Earlier this year, I put up the Mother Effing Tool Confuser to help those who may be looking for an automated web accessibility testing tool make an educated decision. I’ve recently decided to do some of my own testing to see which tools do and don’t test the DOM. To do so, I used the Complete List of Web Accessibility Evaluation Tools from the W3C. Keep in mind, many of the tools listed are abandonware or discontinued. Also, many of them are specialty tools, such as color contrast analysis tools. I am limiting my own tool evaluations to those which do a more comprehensive test against WCAG. For each tool available, I tested the Mother Effing Tool Confuser page and, if the tool finds errors, then it isn’t testing the DOM. Simple.
At the moment, the only data I’ve gathered is for Online Services – those which allow you to submit an URL and get a report. For the most part, you can assume that browser toolbars will test the DOM, but I do plan on testing those as well and will update this blog post with that data.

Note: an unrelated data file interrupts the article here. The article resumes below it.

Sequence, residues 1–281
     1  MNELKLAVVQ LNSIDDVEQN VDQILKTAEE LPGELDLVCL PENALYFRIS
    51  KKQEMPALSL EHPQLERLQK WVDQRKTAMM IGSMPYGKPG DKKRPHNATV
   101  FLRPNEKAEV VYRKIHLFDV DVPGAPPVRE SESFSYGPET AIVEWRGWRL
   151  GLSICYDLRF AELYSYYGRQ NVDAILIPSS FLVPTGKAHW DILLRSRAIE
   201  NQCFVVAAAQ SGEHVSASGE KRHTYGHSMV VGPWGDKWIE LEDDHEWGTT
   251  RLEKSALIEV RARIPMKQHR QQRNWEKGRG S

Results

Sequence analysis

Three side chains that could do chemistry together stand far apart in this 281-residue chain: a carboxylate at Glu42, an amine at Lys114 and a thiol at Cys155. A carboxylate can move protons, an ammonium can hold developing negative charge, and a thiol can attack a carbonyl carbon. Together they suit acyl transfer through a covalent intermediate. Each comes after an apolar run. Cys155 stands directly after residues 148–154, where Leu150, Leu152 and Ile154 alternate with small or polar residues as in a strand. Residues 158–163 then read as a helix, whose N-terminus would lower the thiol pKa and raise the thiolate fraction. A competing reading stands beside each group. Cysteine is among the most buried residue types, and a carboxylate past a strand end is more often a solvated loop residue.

Online Services – tested 06-Sept 2013
Online services are those services that allow you to enter the URL for a page you wish to test and the service spits back a report. Several such tools from the W3C list no longer exist. Some services appeared down or otherwise broken and are therefore not included. For instance both the Truwex tool and the online version of FAE returned blank screens when I attempted to use them, so they aren’t listed here.
Amazingly, of those which I could use, only two actually tested the DOM: SortSite & Opquast. In other words, if you’re using a free online service to test your website’s accessibility, use SortSite or Opquast.
|Tool Name||Do they test the DOM?|
|W3C Validator||No 2|